A Guest Post By George Angus
I‘ve got some writer’s block going on. I still write nearly every day. How can this be, you say? Well, it’s because my wall is made of 500 words.
You see, I’ve been blogging for over a year now and most every post is – you guessed it – 500 words. I’ve done a lot of work for clients and writing on other blogs and the criteria for most of the posts is…
Being the anal-retentive, short attention span type of fella, I adhere to this unspoken rule of blog post length. I may be a few words short of 500 sometimes (and a few fries short of a happy meal) but I rarely exceed the speed limit.
This has had an impact on my writing. Now, if I try to expand a topic to more than 500 words, I stare blankly at the computer screen, eyes glazed over, a thin line of droll trickling from the corner of my half open mouth as I cogitate how to go over the speed limit without saying what I’ve already said.
It really is a remarkable case of writer’s block. An unintended consequence of blogging if you will. In the back of my head I wonder how this would affect any future novel I may write. Would it have 500 word chapters? Would each scene in the novel be a mere 500 words?
I’m ghost writing a non-fiction book for a chap and honestly, it is becoming more and more difficult to exceed the speed limit with each sub-section of the book.
Who decided the speed limit, anyway?
I suspect no one did. Not even Darren or @ProBlogger. Not even our good friend Jan. I think it was decided by mob mentality. That’s right. Blame the readers. After all, we are told they have the attention span of a gnat. “Don’t go over 500 words! You’ll bore people! They’ll leave, never to return”. Okay, even with the snarkiness of that last sentence, I have to admit there is some kernel of truth there. For myself, if I see that a post is like 1000 or 1500 words, I say “Thanks, but no thanks” and I move along. Unless it is something I am outrageously interested in. In that case I’ll hang for quite a while.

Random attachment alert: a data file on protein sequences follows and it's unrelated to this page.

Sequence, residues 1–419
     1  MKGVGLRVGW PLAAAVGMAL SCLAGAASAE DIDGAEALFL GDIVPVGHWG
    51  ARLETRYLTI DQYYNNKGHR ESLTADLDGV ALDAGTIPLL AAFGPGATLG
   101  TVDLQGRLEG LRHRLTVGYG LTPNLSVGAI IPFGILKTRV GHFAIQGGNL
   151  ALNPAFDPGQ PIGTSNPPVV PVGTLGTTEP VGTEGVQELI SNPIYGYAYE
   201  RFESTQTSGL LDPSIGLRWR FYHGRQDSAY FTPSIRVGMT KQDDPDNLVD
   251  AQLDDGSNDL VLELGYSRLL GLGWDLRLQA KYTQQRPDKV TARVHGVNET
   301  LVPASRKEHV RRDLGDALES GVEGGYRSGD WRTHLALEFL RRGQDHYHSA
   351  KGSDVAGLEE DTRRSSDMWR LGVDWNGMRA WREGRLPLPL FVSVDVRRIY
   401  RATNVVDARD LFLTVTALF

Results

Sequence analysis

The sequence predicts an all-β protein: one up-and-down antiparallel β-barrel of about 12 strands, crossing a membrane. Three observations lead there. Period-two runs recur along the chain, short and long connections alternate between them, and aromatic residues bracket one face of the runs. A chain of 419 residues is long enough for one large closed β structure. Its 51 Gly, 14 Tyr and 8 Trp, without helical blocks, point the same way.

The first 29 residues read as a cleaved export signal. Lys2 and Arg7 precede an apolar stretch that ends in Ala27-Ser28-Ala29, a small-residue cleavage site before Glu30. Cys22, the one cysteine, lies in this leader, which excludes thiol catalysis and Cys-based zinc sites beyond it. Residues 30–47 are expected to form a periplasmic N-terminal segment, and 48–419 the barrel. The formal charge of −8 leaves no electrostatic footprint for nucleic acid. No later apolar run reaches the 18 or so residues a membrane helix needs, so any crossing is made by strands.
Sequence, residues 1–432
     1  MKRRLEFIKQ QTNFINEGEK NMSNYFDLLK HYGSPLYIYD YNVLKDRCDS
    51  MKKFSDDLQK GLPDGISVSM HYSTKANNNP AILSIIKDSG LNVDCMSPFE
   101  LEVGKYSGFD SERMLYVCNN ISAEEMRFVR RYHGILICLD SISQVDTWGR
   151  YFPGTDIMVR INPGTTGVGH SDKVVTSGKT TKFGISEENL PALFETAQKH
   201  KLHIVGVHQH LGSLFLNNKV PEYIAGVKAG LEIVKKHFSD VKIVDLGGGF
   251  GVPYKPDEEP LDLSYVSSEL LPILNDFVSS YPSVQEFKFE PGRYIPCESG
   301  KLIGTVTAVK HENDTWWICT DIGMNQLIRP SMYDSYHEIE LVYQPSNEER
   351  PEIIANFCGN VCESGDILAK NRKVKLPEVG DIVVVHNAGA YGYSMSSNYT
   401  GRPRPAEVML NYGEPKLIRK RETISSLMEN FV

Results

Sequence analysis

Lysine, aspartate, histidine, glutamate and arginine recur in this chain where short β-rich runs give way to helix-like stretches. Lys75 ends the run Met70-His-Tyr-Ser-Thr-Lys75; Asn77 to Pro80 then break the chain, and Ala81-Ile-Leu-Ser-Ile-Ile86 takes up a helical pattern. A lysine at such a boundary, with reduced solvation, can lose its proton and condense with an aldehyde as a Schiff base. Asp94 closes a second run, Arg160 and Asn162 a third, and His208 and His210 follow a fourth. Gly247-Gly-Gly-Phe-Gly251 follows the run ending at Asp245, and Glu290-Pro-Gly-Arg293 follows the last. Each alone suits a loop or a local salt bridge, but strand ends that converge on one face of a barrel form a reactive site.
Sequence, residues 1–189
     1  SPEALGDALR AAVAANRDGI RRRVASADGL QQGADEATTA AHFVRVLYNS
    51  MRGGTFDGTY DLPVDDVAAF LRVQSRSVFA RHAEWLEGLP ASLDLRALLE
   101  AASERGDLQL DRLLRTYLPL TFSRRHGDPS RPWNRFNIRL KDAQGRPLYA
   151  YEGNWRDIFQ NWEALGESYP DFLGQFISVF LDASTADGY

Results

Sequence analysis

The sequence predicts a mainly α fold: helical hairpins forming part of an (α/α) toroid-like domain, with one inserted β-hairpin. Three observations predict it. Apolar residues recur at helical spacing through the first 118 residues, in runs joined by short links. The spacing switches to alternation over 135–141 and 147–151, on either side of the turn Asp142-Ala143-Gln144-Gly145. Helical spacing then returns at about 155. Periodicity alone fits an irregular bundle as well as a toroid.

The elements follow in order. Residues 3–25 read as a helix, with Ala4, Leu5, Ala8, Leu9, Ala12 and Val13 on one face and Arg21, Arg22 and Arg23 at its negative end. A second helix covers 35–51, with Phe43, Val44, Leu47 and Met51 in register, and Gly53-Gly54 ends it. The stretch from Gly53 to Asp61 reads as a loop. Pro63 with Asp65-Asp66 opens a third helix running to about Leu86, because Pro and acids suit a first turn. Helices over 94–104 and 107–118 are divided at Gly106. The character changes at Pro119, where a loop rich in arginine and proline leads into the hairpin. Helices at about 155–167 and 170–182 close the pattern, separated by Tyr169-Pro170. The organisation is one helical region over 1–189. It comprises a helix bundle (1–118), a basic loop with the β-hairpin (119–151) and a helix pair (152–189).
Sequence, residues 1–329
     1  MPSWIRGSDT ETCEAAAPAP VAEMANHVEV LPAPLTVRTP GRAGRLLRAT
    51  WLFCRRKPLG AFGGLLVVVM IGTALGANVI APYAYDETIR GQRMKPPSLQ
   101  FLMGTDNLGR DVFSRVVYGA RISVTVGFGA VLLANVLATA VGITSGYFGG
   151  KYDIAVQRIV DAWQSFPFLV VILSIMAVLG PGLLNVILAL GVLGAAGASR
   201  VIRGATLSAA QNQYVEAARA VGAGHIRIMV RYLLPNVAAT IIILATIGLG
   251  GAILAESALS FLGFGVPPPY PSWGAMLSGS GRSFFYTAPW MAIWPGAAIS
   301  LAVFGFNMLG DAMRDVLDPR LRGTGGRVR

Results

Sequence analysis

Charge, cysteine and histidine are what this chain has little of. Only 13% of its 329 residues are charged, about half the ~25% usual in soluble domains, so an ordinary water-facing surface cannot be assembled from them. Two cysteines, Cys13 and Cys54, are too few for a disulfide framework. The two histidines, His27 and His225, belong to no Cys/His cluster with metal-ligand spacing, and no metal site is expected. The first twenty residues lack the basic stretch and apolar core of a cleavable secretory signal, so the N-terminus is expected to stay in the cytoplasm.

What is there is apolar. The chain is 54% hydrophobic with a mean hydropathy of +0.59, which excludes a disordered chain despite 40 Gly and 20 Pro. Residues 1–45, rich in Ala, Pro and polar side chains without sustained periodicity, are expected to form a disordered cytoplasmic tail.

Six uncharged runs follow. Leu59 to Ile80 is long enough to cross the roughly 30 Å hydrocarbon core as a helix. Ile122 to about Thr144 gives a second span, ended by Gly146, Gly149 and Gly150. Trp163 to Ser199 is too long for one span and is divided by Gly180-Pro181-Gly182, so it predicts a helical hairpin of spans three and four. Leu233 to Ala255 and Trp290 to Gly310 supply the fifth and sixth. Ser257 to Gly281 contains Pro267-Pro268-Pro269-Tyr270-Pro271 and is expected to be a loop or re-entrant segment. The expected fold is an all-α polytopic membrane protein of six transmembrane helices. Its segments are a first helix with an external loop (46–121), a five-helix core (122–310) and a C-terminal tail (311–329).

Maybe that’s the key to breaking the speed limit. Maybe we need to write stellar content regardless of length. Make it interesting to as many people as possible and let the short-attention-spanners stumble along to their next page.
I’m not certain if that is the answer to this dilemma. I’ll leave that to someone with much more talent and wisdom than I. Ahem. That would be YOU, dear readers.
On a final note, I am wondering how many of you did a cut and paste of this post into your word processor to see the word count. I know you are out there. I can hear you breathin’.
Thanks for having me Jan.
About the Author: George Angus is an Author, a Teacher and an all around good guy. He owns Tumblemoose Writing Services, lives in Alaska and has a beautiful six-year-old daughter whom he orbits around.
- Nine and a Half Ways of Sending Your Writing Into the Stratosphere
- Copy Length, the Golden Rule
- Behind the Bars of 500 Words
- Do Long Blog Posts Scare Away Readers?
- How to Say Nothing in 500 Words (A Lesson on Writing)